NOTE: Late breaking news. A "compromise" has been announced in the Senate. Bush gets three more of his most objectionable nominees (even though he already had a 95% success rate) and the Democrats get nothing ... except a "promise" not to have a showdown on the Senate floor tomorrow (and other "guarantees" that mean nothing). The weak bladders of the Democrats in Washington D.C. must surely feel relief. Disgusting, to quote John Adams.
Sunday, May 22, 2005

NOTE: I have loved this phrase since I first ran across it, and have waited a few years for a subject worthy of its use in a title. Credit where credit is due. So, from the blog glossary of Samizdata.net:

Barking moonbat
noun. Someone on the extreme edge of whatever their -ism happens to be.

(coined by Perry de Havilland)

Usage:"Definition of a 'barking moonbat': someone who sacrifices sanity for the sake of consistency"
-Adriana Cronin
The Bloviation of the Barking Moonbats
Part 1: Meretricious Moronics


Here's a little item on WHO 'twas that gave brother Paul Chaim Schenk his "honorary Doctorate of Divinity" degree (from sombody named Burton Bollag, in The Chronicle of Higher Education, 4/9/2004) :
" ... A similar phenomenon had already occurred in Protestant higher education early in the 20th century. As America's majority religion and its colleges adapted to the relaxed mores of modern life, some conservatives grew dissatisfied. Biola University, in La Mirada, Calif., established in 1908, and Bob Jones University, in Greenville, S.C., established in 1927, were created at a time when "Protestant fundamentalists broke off and started their own institutions," says William D. Dinges, an associate professor who specializes in Catholicism and culture at Catholic University of America, in Washington. "Now that Catholicism is becoming more accommodating to modern culture, some Catholics are doing something similar." The late 1960s and 1970s saw the founding of four colleges with a staunchly conservative Catholic character: Christendom College; Magdalen College, in Warner, N.H.; Thomas Aquinas College, in Santa Paula, Calif.; and Thomas More College of the Liberal Arts, in Merrimack, N.H."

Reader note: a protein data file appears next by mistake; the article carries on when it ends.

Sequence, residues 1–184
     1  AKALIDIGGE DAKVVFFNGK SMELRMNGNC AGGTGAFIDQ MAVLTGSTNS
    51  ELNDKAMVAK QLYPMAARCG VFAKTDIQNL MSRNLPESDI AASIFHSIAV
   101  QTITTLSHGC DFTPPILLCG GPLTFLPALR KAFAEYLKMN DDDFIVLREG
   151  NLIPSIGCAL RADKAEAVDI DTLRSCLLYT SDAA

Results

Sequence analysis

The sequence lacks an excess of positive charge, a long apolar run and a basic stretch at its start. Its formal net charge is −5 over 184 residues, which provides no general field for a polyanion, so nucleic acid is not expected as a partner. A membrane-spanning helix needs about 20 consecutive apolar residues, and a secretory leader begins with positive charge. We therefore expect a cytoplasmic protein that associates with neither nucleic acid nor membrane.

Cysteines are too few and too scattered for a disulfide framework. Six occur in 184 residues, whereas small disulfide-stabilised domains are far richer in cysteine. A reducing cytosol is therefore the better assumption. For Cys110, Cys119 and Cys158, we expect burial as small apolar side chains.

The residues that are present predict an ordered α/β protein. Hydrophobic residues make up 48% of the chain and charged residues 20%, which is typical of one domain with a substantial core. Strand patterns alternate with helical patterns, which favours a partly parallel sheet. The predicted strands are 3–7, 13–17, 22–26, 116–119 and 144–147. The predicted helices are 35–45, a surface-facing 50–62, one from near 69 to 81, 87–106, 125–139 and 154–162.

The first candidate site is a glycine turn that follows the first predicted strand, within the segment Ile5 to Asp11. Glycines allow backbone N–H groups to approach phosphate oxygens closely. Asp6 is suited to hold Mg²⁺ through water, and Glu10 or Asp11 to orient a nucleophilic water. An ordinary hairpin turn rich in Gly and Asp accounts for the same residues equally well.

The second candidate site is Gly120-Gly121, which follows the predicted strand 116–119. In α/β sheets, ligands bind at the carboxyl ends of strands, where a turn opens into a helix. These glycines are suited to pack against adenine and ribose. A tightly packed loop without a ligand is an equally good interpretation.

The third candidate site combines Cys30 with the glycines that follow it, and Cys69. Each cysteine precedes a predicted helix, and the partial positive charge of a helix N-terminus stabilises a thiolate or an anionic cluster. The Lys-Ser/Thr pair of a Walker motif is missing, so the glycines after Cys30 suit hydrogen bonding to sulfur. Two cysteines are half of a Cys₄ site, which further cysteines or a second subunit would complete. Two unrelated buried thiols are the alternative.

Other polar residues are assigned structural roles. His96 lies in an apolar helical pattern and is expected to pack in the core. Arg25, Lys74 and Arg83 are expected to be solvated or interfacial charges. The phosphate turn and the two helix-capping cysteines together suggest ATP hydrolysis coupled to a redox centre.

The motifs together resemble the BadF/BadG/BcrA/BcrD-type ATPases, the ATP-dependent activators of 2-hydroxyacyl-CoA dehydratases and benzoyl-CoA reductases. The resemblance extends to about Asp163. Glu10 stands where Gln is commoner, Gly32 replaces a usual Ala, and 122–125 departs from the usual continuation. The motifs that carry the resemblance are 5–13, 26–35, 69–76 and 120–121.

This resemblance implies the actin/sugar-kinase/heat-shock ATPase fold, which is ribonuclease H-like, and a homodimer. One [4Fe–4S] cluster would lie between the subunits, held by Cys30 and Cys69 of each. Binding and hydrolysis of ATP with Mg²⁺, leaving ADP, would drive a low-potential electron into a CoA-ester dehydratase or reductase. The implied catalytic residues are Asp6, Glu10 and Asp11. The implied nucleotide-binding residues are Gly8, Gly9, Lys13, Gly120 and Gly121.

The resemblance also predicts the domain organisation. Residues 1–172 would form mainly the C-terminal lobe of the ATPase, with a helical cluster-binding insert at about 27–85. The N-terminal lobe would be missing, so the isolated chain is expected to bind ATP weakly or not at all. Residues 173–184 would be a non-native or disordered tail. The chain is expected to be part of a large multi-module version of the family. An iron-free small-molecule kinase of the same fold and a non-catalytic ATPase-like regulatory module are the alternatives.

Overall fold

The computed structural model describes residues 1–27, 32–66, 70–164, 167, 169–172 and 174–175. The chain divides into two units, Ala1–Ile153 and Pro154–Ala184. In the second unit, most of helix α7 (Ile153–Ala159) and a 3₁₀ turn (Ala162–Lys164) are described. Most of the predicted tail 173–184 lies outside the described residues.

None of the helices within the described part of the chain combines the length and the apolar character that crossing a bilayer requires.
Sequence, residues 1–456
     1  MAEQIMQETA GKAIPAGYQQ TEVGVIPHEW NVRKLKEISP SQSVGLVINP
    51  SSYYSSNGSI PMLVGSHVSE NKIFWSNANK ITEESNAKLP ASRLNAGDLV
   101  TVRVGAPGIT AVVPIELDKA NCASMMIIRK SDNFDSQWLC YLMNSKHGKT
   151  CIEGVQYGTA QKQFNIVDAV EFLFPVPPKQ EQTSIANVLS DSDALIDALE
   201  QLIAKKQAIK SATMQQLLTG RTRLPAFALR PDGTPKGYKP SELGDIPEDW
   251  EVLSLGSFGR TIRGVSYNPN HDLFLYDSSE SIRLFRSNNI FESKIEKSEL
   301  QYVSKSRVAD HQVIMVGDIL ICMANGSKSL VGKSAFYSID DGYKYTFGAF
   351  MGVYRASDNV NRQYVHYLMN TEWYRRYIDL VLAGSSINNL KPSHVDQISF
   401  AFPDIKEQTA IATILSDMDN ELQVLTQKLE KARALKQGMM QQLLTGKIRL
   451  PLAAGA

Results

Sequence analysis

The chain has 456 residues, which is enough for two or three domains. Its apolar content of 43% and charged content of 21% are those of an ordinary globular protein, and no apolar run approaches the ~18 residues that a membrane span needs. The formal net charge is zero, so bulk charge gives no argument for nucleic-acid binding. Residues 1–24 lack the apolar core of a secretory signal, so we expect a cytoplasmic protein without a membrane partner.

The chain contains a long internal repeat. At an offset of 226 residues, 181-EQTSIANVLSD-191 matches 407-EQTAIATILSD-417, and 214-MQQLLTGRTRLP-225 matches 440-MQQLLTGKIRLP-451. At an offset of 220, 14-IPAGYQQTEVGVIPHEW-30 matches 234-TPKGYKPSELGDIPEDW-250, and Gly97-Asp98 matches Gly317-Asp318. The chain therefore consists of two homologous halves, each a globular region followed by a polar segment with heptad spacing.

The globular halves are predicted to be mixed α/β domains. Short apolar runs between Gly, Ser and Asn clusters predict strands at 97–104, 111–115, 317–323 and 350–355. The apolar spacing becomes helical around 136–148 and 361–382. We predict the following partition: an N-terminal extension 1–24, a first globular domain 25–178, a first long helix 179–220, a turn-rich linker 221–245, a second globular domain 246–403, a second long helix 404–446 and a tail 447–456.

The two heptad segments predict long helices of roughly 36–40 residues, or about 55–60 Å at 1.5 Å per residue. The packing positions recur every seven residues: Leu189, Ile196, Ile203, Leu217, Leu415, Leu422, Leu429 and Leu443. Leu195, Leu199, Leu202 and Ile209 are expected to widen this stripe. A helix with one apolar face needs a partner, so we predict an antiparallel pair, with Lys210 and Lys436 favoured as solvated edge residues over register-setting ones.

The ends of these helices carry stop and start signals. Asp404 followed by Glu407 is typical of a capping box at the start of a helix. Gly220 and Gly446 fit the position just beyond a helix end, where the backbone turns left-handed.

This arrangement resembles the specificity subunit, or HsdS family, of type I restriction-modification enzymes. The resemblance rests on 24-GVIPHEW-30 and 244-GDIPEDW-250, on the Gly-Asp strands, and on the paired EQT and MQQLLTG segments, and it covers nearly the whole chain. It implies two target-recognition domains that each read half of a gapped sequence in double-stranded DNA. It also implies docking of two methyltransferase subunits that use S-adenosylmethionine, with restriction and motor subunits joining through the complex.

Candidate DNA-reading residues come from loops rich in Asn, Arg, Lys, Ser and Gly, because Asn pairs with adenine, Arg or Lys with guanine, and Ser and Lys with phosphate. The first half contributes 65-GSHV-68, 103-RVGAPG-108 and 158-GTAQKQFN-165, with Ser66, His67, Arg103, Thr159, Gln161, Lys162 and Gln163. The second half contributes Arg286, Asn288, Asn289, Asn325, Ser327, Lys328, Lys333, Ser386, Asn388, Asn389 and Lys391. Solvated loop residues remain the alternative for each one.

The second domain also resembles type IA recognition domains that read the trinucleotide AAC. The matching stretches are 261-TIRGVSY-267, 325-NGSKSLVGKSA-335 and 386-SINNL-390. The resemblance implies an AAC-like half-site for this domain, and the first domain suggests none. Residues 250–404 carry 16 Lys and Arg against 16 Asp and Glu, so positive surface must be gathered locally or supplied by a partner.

You'll be happy to know that if you put "Thomas More College" &c into Google, your second hit will be Paul Schenk, and your THIRD hit will be "Stormfront White Nationalist Community" -- and the neo-Nazis speak lovingly about what a great place Thomas More is.

By their fruitcakes shall ye know them.

All right. I'm not being fair. The neo-Nazis are only QUOTING an article from "Insight on the News," self-described as a "Conservative current events magazine published by Washington Times." So it's not REALLY from the skinheads; rather, it's from the Moonies.